Faversham residents put forward ideas to improve town
FAVERSHAM residents have been putting forward ideas to improve their local town at the Faversham2020 launch today.
At the Alexander Centre in Faversham, residents were able to write down their suggestions for the future Town Action Plan. According to Faversham Town Council, they want to make sure everyone has the opportunity to be involved in shaping the plan.
The Faversham2020 project will also see the creation of 'Theme Teams' to look at certain topics, such as: social community, economy, transport and access and the environment.
"We want to get as many residents involved as possible", Alison Eardley, member of Action for Market Towns and Faversham2020 said. "We would like to hear what people like and dislike. People can join these Theme Teams. We want to make sure people feel more engaged."
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The boards, on which residents could put forward their ideas, were quickly filled up. One post-it read: "Too many huge lorries in town. They are ruining old streets and buildings". "Encourage cycling in town centre with a marked cycle lane", remarked another. Another post-it called for "better mental health and addiction services". Another simply commented: "We enjoy living in Faversham".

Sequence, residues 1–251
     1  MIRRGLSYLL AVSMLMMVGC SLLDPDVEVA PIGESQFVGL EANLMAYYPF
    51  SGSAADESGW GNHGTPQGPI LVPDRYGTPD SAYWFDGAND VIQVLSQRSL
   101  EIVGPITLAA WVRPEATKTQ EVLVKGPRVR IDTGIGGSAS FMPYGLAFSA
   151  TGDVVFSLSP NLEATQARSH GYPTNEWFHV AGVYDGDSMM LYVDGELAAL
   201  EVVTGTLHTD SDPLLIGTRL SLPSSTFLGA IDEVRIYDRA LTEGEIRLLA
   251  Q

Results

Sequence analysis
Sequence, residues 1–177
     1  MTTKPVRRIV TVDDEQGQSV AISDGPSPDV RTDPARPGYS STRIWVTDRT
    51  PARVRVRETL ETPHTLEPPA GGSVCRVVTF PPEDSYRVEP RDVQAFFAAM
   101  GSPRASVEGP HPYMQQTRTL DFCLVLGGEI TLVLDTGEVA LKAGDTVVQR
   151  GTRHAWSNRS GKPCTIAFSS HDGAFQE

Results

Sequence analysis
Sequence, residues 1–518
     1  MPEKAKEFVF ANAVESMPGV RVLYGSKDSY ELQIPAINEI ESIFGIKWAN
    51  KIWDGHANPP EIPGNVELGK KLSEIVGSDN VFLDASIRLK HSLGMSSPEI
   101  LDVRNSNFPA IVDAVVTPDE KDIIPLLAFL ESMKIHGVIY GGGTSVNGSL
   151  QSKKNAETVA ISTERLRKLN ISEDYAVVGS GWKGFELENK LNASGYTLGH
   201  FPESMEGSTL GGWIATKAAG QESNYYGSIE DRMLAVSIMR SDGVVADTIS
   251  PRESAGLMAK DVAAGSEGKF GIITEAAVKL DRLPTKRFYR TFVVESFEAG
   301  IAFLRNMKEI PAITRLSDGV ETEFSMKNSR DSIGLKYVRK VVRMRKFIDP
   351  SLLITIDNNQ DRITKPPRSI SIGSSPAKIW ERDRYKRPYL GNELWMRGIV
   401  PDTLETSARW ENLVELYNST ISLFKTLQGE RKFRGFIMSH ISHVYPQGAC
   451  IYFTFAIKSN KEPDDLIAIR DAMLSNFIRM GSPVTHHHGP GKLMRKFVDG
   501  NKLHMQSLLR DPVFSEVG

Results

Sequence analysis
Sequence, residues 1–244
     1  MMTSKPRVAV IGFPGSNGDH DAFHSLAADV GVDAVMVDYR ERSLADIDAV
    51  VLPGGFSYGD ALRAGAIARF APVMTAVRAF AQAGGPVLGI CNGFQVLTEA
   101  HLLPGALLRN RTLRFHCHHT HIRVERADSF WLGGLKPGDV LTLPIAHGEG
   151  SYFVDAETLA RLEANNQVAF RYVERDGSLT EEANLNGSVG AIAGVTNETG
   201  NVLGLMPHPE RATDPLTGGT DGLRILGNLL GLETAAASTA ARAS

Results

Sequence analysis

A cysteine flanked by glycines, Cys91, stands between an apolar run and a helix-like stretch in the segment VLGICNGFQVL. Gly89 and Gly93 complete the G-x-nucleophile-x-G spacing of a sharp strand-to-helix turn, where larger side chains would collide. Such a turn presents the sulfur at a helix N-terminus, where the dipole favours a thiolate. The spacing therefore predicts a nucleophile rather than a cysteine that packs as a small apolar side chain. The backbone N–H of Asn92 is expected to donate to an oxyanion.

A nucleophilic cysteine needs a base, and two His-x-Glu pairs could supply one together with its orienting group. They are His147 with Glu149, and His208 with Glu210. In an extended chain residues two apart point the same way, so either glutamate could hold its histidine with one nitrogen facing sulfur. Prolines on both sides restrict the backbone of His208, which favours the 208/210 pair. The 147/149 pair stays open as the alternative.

The Faversham2020 project is a good idea according to 61-year old councillor David Simmons. "We started out in 2000 to set out a list of things we wanted to achieve. Over that period the scene has changed, so it's good to set out fresh ideas. I read on one of the post-its that the market should be maintained in Faversham. I totally agree. As a local farmer I know it's important for the local economy and it's also good for tourism."
66-year old Dennis Reynolds has lived his whole life in Faversham and would like to see the high street improved. "Some shops remain empty. I can imagine the business rents must be fairly high. Maybe the council could do something about this. We used to have a music shop here, but that's gone now. There are a couple of charity shops. Of course that's ok, but it won't attract people from out of town. It would be great to have a variety of shops."
Jo Jell, 38, is also worried about the high street. "I am a commuter so I don't get to spend that much time in Faversham as I would like to. But I want it to maintain its character and I am worried this might be at stake. I think we need to support independent shops and local business. I don't like to get the bigger chains coming in."
Over the next few months, Faversham2020 will collect all the information and see what the most important issues are, according to Ms Eardley. "We will then look at what's achievable. We do not want to raise expectations, but every idea will be kept. This will be a living document. Ideas that may not be used now might be good in future."
Click here for more information on Faversham2020.